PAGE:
Does traders think the price respite from Russia and perhaps the US is just hot air?

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Outlook: We are seeing risk appetite/risk aversion seesaw and whipsaw and every other kind of saw, sometimes more than once in a single day. Nobody has a good grip on where sentiment lies at any one moment and where it might be going. You’d think, for example, that the energy price news would have popped the CAD balloon. But no, after the briefest of dips, the CAD kept rising. Does this mean traders think the price respite from Russia and perhaps the US is just hot air? Well, the additional supply from Gazprom will be only 15% of total supply used in Western Europe, so maybe. Or maybe it’s not the CAD but the USD, which fell because riskiness is lessened by the prospect of kicking the debt ceiling problem down the road. Or perhaps it’s something else entirely. Beware analysts who are certain about risk on/risk off.

Yesterday’s big data fed ideas about today’s jobless claims and tomorrow’s payrolls. The ADP forecast of private sector jobs growth is 568,000 for Sept when 430,000 was the consensus forecast.  The ADP news goes a long way to paring the “pending slowdown/maybe recession” narrative. Today’s jobless claims may fall after rising for the previous three weeks, and Friday’s payrolls is now seen at 450,000 to 500,000.  As for those claims (at 8:30 am today), the FT reports a drop to 348,000 from a near two-month high of 362,000 the previous week.” Claims continue to hover well above pre-pandemic levels of about 200,000 a week.”

In addition to jobs data today and tomorrow, don’t forget China comes back from Golden Week tomorrow with no fresh news about the restructuring of Evergrande. That story is over only if we get a “solution” that doesn’t hose the foreign investors. If it drags on, we have to imagine risk-off persists.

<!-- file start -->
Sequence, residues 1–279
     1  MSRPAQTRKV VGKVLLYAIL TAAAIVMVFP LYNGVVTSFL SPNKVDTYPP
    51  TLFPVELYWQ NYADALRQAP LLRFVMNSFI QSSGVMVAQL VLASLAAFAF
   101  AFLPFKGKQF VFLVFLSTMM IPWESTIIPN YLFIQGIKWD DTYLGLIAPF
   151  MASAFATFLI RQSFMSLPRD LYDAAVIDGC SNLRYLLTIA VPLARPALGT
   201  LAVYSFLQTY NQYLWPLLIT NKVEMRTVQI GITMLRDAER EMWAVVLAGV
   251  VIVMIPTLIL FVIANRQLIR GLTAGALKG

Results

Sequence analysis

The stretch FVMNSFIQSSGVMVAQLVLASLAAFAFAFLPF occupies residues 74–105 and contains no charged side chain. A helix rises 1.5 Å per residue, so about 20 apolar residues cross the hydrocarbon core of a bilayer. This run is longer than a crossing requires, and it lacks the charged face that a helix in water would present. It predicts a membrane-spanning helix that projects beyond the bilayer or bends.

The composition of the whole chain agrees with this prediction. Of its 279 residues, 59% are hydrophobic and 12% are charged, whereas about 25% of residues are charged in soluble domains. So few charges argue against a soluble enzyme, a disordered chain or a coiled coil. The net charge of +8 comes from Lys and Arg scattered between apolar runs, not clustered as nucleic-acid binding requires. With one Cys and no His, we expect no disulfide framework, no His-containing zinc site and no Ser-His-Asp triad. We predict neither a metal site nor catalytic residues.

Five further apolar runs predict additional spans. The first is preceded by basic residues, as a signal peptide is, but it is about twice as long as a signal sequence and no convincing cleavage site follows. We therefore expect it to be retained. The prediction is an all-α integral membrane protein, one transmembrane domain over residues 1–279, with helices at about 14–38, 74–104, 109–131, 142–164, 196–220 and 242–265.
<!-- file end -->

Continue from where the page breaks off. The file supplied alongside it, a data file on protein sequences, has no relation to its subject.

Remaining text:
Hysteria over energy prices may have gotten a punch in the jaw, but is hardly down for the count. The FT reports some analysts see the cost of household energy in the UK rising by at least 30% and perhaps 40% next year.  As noted above, Brent has surged more than 50% this year, while natural gas and coal are hitting record highs. Not only does this push inflation pressure, it also discourages household spending when any surplus cash is going to the gasman instead of clothes, restaurants & pubs, vacations, etc.

Bottom line—the recovery from Covid hit a fat speed-bump with Delta and now it’s hitting another one in the form of energy prices. It doesn’t mean recovery will halt, but it sure looks like slowing down. It’s not just Europe. The US is not dependent on an erratic supplier like Russia, but still vulnerable to the Slowdown Blues. The drop in consumer spending and capital investment has driven the Atlanta Fed to revise its forecast for Q3 GDP to a terrible, awful 1.3% from over 7% only in June. See the chart. The Blue Chip consensus hasn’t caught up and still sees 6% plus.